Access to pre-exposure prophylaxis (PrEP) for young people at risk of HIV remains limited because of age-related consent laws and policies, reveals a global review. Investigators at the department of prevention and community health, George Washington University, department of social and behavioural sciences, Yale School of Public Health, Duke University School of Medicine, New York Medical College, Valhalla and Emory University Rollins School of Public Health, Atlanta, looked at existing national laws and policies relating to SRH service access that may also impact access to pre-exposure prophylaxis for young people under 25.
Young people, and particularly young people who are members of key affected populations such as sex workers, men who have sex with men, people who use drugs, are among the most at-risk groups for HIV acquisition globally. This is the result of a convergence of several psychological, social and structural factors associated with this time in their development.
Most HIV prevention interventions for this group focus on changing behaviour, such as promoting condom use, or addressing structural drivers, as in social protection programmes. These have had varied success and are challenged by consent laws for SRH services. Seeking parental consent for these services has been identified as a major barrier to reaching this group.
The World Health Organisation recommends PrEP to all at-risk populations, without any limitation on age. But as many countries move towards regulatory approval of PrEP, insufficient consideration has been given to ‘underage’ youth and how existing policies may restrict their independent access to PrEP.
The investigators reviewed a sample of 15 countries with both low and high HIV incidence. Western countries were included to explore how countries with comparatively low HIV incidence among adolescents, but well-resourced healthcare infrastructure, may approach PrEP access among adolescents.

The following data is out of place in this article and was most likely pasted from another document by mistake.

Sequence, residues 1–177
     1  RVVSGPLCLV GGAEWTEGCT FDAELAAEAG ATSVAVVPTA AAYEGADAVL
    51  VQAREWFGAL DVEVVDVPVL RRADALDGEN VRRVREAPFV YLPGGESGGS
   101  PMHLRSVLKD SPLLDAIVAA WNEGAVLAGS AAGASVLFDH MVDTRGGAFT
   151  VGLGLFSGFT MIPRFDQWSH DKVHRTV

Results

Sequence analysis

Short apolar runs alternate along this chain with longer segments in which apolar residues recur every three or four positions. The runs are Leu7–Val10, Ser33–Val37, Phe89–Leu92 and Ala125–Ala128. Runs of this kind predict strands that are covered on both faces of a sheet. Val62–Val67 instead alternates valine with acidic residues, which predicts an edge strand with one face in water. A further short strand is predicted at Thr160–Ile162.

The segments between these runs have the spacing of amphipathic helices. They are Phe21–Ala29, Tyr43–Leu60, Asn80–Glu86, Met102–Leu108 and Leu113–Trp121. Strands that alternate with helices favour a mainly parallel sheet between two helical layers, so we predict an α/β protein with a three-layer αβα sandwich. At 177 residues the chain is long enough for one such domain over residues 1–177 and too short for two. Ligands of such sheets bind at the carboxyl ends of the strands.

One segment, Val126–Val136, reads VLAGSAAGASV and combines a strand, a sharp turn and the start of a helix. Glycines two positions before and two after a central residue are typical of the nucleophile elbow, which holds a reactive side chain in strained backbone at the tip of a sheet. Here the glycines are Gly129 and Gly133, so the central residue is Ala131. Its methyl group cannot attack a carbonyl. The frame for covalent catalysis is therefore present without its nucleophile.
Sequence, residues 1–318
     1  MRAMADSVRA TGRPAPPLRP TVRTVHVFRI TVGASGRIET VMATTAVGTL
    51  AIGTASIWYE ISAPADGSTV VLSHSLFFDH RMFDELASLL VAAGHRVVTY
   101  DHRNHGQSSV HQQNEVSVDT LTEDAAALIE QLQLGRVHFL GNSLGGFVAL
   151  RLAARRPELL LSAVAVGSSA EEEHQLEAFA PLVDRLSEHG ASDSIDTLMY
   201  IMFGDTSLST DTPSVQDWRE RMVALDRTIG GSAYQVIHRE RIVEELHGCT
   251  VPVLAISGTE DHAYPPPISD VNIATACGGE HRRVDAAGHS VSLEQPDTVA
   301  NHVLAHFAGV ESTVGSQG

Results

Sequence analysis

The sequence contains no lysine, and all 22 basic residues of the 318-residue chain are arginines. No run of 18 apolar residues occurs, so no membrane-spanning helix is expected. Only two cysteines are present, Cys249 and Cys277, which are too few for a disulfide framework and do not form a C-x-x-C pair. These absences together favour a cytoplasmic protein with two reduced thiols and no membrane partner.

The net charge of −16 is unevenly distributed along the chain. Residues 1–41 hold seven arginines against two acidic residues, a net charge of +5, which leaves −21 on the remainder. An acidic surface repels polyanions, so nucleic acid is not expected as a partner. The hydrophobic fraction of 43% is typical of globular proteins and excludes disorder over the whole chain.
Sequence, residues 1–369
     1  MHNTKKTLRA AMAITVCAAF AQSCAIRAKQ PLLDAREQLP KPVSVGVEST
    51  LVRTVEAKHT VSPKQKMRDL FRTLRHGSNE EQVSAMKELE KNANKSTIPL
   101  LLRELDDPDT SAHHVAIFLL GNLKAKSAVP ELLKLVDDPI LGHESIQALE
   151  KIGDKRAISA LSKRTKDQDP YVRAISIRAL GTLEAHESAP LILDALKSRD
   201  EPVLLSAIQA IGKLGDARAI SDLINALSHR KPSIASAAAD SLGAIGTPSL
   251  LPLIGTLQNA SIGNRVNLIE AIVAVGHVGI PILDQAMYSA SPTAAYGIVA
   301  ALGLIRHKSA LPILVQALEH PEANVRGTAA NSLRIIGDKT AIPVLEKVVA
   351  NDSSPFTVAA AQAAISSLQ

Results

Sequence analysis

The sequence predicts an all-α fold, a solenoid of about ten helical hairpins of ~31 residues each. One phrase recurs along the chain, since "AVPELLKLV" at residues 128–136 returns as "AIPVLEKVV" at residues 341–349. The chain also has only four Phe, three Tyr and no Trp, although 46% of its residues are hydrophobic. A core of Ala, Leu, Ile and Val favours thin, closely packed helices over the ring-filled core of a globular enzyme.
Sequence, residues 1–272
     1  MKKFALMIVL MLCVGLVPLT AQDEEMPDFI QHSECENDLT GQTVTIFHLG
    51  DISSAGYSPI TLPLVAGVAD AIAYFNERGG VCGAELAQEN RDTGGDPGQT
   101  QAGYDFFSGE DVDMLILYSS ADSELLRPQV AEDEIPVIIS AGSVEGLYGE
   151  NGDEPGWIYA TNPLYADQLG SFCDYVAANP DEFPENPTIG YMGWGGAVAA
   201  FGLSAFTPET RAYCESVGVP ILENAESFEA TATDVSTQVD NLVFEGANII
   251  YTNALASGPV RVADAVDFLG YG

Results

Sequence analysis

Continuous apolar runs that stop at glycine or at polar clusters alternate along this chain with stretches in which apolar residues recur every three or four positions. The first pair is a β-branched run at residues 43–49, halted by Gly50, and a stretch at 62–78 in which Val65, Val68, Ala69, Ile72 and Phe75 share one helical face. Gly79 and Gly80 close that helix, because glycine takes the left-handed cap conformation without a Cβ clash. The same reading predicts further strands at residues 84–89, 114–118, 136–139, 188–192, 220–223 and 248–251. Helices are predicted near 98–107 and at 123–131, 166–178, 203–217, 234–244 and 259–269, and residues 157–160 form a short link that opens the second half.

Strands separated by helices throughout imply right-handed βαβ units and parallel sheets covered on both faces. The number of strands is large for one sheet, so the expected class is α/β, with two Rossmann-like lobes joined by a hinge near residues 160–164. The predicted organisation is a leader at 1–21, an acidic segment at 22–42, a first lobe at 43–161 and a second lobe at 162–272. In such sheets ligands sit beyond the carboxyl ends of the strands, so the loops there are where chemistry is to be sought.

The laws and policies they looked at included age of consent for sexual intercourse, medical treatment, contraceptives and HIV testing. Countries could be included if they had active PrEP trials or PrEP available for distribution, and if information regarding PrEP guidelines were publicly available.
In the end, they reviewed the policies of Australia, Brazil, Ethiopia, France, India, Indonesia, Kenya, Mozambique, Nigeria, South Africa, Tanzania, Thailand, Uganda, the Ukraine and the UK.
Across the geographies, results for age of sexual consent varied but around half (47%) prohibit sex for under 18s – and in Indonesia, consent laws differed between genders. This highlights an obvious challenge for healthcare providers and young people who would like to discuss PrEP before turning 18.
In addition, laws in seven (47%) countries did not specify an age of consent to medical treatment, or were unclear about the age. France is the only country to explicitly include PrEP as part of medical treatment, but their law requires parental consent for medical treatment in people under 18 years. In their discussion, the authors note that PrEP is still often considered a medical treatment, where it should now be considered as a biomedical intervention. This would give health providers clarity in how they may discuss this tool with possible patients.
Only six (40%) countries have specific laws addressing adolescent consent for and access to contraception, despite all the countries including documentation on their use for family planning and sexual reproductive health. Again, these varied, with Ukraine requiring consent from a guardian for these services for those aged under 18. In Indonesia, contraceptive services are only provided to those who are married.